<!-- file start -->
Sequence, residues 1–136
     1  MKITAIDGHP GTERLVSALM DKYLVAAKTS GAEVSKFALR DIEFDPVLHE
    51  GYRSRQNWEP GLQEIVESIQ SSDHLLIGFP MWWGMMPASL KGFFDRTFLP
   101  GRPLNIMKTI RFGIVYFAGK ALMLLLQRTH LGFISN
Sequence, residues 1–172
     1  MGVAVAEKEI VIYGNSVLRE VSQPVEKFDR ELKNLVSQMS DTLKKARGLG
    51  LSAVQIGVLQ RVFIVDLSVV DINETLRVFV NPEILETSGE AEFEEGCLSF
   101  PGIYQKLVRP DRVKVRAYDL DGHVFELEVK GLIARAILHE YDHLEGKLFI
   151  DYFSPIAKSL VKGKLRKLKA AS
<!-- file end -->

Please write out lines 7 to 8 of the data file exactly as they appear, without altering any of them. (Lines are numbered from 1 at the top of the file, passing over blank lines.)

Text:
    51  LSAVQIGVLQ RVFIVDLSVV DINETLRVFV NPEILETSGE AEFEEGCLSF
   101  PGIYQKLVRP DRVKVRAYDL DGHVFELEVK GLIARAILHE YDHLEGKLFI